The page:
Usable Science: A Handbook for Science Policy Decision Makers
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home Part 1: Science for Decision Making Part 2: Myths That Prevent Progress Part 3: Supply of Demand for Science Part 4: Making it Happen Part 5: Building Community References Further Information



The Agricultural Research Service’s (ARS) Global Change research program convenes periodic workshops with scientists and users including those from federal agencies, agricultural nonprofits, and the agricultural producer community.

These workshops help the USDA set research priorities for the next planning cycle based in part on what customers want from research. Workshops of this kind not only directly inform priorities, but can also help to establish enduring lines of communication with potential end users, and move science closer to meeting demand. These workshops are typical of each of the ARS’s National Research Programs. Usually the Program Leaders, along with the rest of the program team consisting of three to four ARS scientists, are in charge of the workshops. The process runs on a five year cycle and features both backward-looking and forward-looking assessments of programmatic research. A common process will include a survey of the research that the program supplies and is proposing to supply, a needs assessment, during which the ARS invites users to discuss their informational requirements, and a discussion between users and suppliers on how researchers can work to meet those requirements.



The Naval Research Laboratory’s Meteorology Division works to enhance the value of meteorological tools that the Navy uses. These tools can range from short term regional weather forecasts to more specified applications, such as those that let officers in the Middle East track dust storms. When making a more advanced model, or when adding a new feature intended to aid decision makers, NRL staff will often test an early version of the new technology with users in the Naval fleet by simply e-mailing them a link to the new model and asking for feedback to help assess the added value of new developments.

Agricultural Research Service scientists also work directly with users to test and refine products such as new agricultural management strategies or decision tools for farmers. Through test runs coordinated with users, researchers thus learn about the value of their work in a real world environment from actual users.


A mandate from the Bush Administration charged the ARS with developing mechanisms for accounting for agricultural carbon sequestration. In recent years, scientists in the ARS Global Change National Program have developed CQESTR, a computer model with the purpose of predicting carbon dioxide sequestration in agricultural land under different soil types, crops, and management regimes. In order for this model to actually help farmers in making decisions, however, they will need to see it as useful and understand how they will benefit from using it.


As a director of the National Institute of Standards and Technology’s (NIST) Material Science and Engineering Laboratory (MSEL), Richard Kayser worked at the helm of a research venture with the mission of meeting the materials science needs of industry. For the MSEL lab, and specifically, for the director, a significant challenge lies in creating an actual impact for those in the materials industry.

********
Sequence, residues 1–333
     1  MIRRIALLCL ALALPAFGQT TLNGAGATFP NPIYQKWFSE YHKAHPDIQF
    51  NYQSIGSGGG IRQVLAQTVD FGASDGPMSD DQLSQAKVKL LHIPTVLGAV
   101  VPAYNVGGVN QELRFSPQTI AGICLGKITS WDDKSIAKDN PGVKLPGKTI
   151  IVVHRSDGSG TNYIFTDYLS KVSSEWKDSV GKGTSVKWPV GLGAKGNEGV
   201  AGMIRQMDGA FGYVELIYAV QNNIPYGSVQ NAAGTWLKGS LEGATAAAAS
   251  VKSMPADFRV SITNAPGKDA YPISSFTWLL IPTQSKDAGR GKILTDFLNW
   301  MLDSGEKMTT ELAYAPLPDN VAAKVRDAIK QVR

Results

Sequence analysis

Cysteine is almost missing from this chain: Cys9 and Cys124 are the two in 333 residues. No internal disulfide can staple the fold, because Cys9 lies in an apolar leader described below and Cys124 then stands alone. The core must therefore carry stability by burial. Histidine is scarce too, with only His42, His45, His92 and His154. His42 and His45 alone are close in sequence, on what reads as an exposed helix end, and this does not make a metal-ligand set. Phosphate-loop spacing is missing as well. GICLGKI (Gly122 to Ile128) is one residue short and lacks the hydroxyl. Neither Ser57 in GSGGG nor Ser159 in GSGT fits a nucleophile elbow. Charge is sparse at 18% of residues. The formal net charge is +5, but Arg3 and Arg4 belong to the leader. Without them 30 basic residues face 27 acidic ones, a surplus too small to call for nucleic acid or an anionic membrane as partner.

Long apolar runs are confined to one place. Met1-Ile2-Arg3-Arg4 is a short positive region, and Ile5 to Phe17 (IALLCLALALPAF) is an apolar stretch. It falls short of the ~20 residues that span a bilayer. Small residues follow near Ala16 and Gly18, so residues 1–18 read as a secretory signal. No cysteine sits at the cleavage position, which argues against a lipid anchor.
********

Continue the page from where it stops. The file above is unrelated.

Kayser’s protocol for assessing proposed research projects considers both the impact of the research and the risk of failure. Assessment of impact includes both the promised level of impact as well as how well that impact is articulated. Risk includes both risk of technical failure and risk of failed technology transfer. The highest ranked proposals have a low risk and high impact that is convincingly articulated. Assessing the risk of technology transfer reflects NIST’s commitment to getting its products into the hands of industrial and academic users. Research is only usable to the extent that potential users are capable of adopting it.

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Other decision makers have implemented or considered similar strategies. A consideration of impact during prioritization and evaluation could encourage projects that are more likely to address need. Thus, those proposals that are either better able to articulate eventual usability, or that might lead to a high impact (even if risks are moderate) become more likely to go forward. Scientific or technical excellence cannot stand alone as a criterion of usability or value.


A series of appropriate questions can also be used as a general guide for making sure science policy makers are addressing the need to reconcile supply and demand. One example is the Heilmeier Questions, originated by George Heilmeier, a former director of DARPA and vice president at Texas Instruments:

  • What is the problem?
    Why is it hard?

  • How is it solved today?
    By whom?

  • What is the new technical idea?
    Why can we succeed now?

  • Why should your institution do this?

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  • What is the impact if successful?
    Who would care?

  • How will you measure progress?

  • How much money?
    How long will it take?

The questions offer a way to address potential impacts of research. While the first three address the technical problem, and technical impact, the other four speak to issues of demand and fit to broader institutional goals. Finally, questions 6 and 7 address logistical research issues that affect implementation.


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